Charging behind glass
While you or I can sit behind glass and feel the full effects of the sun it’s often not the case with a solar panel. Double and even triple glazed windows are very common these days and will often render many of the sun’s rays hitting the panel useless. It’s always best to get the panel outside of any glass in a good sunny spot when charging, put simply the fewer obstructions between the sun and your solar panel the more charge will be generated.
Is it plugged in?
Another one you might think we’re making up here but it does happen. If you’ve got a remote solar panel that’s separate from the lamp you need to make sure the solar panel cable is firmly plugged in, with waterproof connectors tightened if present. Sometimes solar lights will have the batteries stored in the solar panel, other times the batteries will be stored in the light head itself but ultimately if the panel can’t charge the batteries or the batteries charge can’t reach the lamp you’re going to be in for a disappointing light show.
To solder or not to solder?
As a general rule of thumb it’s always worth contacting the company you bought from to discuss the issue prior to firing up the soldering iron. Often companies can look favourably on a situation where a customer has tried to help avoid a light ending up in landfill for the sake of a loose wire but ultimately it is going to invalidate any warranty – unless of course you’ve had a chat with the company beforehand.
If all else fails there’s always the mains
Plugging a mains charger into a light or removing batteries and mains charging them can seem like a good idea but unless you’re using a compatible mains charger bought with the light things could go downhill. Solar panels output a specific voltage compatible with circuit componentry and battery voltage. A mains charger might fry circuitry or overcharge batteries, ultimately leading to a purchase of a new light. If the batteries are easily removable, and clearly labelled and you have the appropriate charger then you could guarantee performance for a night or two but you might be better off getting a good solar friendly location to charge your lights in the first place. As always if you’re in any doubt follow the instructions or seek clarification from the company you purchased from.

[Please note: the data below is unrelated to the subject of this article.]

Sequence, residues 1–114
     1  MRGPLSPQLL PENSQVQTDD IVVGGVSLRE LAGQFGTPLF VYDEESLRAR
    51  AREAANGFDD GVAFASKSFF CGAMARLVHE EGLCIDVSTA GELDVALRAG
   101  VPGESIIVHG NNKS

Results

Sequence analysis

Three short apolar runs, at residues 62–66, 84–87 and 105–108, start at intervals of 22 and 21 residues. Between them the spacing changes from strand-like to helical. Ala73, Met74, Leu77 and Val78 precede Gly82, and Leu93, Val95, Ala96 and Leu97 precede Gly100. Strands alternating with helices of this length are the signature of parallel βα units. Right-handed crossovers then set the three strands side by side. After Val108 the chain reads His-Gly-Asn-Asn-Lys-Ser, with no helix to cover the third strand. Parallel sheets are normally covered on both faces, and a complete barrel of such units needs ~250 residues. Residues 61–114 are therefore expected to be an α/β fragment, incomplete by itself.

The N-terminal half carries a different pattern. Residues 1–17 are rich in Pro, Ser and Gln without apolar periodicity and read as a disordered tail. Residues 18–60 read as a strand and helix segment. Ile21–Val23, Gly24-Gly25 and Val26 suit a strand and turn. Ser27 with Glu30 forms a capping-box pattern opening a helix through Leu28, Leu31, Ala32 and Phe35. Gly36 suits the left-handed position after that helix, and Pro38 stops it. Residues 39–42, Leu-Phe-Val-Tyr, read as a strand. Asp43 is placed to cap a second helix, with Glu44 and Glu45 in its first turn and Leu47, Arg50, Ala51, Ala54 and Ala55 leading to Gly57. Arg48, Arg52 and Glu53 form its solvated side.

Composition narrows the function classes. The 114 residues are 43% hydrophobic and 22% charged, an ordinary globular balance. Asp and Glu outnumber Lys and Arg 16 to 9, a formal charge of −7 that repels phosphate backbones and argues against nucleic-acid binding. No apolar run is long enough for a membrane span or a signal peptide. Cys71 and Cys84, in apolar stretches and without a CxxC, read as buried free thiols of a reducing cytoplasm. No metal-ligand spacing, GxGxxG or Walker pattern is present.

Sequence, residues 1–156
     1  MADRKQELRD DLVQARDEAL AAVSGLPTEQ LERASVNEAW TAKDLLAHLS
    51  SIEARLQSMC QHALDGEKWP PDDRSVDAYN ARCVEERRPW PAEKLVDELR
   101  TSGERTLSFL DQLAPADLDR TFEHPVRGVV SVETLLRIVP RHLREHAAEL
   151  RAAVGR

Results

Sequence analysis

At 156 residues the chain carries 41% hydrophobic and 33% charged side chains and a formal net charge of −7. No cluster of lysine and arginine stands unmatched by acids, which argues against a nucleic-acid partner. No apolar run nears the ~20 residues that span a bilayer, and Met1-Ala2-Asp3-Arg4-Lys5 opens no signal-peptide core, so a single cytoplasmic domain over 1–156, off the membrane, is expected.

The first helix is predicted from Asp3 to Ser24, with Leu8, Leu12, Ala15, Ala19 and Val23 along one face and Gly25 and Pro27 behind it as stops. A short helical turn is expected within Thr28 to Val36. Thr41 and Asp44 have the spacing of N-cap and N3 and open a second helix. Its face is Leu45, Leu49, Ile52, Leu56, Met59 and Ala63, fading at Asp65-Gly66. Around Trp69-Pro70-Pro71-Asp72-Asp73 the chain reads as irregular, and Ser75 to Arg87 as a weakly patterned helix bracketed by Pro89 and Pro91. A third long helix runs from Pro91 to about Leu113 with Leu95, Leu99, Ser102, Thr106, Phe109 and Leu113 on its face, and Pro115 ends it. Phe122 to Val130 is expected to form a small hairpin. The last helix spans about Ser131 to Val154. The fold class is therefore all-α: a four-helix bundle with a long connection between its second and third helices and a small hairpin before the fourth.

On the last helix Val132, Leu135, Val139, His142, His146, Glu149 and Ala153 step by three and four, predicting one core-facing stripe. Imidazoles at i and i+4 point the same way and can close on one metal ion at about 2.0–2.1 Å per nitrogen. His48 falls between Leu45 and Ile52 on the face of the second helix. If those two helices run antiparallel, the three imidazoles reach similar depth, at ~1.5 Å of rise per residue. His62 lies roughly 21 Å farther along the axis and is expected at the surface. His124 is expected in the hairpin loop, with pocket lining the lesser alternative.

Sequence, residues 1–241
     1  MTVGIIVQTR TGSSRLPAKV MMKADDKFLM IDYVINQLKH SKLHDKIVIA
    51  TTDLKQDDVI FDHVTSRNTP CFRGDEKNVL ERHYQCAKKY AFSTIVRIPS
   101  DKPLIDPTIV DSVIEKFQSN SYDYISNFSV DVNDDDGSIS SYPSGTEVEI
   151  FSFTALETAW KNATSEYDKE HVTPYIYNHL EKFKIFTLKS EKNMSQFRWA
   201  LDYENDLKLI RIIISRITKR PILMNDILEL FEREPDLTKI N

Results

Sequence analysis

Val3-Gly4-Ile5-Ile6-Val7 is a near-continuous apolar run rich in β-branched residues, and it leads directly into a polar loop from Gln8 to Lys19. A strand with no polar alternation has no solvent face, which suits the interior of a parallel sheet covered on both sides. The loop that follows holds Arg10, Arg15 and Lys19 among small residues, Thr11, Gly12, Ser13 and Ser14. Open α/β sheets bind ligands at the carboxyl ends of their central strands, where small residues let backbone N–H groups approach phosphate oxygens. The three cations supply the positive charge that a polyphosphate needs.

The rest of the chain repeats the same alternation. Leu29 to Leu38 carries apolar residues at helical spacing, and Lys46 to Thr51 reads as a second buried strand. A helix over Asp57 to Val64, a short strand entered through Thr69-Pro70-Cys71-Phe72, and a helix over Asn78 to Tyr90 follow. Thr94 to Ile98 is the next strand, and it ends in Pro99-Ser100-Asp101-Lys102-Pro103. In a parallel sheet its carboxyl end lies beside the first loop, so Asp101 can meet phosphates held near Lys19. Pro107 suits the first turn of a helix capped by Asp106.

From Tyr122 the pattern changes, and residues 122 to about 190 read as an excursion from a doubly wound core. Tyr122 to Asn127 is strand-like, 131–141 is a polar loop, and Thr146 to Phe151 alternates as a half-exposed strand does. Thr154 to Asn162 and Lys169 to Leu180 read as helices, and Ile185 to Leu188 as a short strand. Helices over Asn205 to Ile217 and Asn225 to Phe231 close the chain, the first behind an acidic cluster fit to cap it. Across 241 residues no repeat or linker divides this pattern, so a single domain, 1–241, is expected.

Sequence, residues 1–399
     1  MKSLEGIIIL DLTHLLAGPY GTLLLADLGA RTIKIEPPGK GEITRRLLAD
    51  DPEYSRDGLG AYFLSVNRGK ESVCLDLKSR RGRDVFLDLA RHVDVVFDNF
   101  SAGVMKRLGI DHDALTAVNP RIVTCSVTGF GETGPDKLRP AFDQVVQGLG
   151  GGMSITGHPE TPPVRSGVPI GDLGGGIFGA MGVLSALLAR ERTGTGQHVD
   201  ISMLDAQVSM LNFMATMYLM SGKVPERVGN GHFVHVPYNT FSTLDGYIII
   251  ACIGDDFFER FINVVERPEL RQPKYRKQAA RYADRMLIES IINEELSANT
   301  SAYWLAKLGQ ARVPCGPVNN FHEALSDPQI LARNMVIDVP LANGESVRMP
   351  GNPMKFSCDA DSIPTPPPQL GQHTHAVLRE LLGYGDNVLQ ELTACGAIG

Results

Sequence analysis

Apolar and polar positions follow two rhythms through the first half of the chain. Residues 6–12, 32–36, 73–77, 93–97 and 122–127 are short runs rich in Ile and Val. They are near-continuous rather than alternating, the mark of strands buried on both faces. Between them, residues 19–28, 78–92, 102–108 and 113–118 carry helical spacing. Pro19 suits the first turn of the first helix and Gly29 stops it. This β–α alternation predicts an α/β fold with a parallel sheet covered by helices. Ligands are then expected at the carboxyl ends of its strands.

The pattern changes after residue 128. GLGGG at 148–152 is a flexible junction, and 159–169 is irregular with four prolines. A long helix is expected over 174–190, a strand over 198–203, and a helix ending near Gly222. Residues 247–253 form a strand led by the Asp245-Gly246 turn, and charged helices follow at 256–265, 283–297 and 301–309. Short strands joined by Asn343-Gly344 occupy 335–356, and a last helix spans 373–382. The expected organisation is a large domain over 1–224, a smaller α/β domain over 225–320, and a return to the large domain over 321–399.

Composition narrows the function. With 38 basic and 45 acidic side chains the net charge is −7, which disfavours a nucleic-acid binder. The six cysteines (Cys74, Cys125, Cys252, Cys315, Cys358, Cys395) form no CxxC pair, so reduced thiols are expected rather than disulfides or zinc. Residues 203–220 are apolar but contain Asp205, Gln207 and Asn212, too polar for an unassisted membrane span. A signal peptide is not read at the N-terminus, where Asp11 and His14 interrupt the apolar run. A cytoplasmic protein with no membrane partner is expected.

Grubby solar panel
If you live near a busy road or the panel is in a dusty spot you may find your solar panel performance dips off over time as a result of a film of dust and dirt building up on the panel. Giving it a quick wipe over with a damp cloth every so often will keep it working to its full potential.
Thanks for reading this far, we hope you’ve either got your lights up and running or at least have some ideas of how to get them back up and running again. Always remember if your lights are covered by a 12 month warranty, and all good solar lights should be, provided you’ve followed the instructions you’ll have a replacement on its way to you in no time.
Here at the Solarcentre we have designed Solar Lights for more than 10yrs for UK.
We use the latest Solar Panels along with the most up to date LEDs.
Check out our Dual Panel Kodiak Range:
Our garden post lights with power saving mode :
…last but not least our USB backup range of garden fairy lights.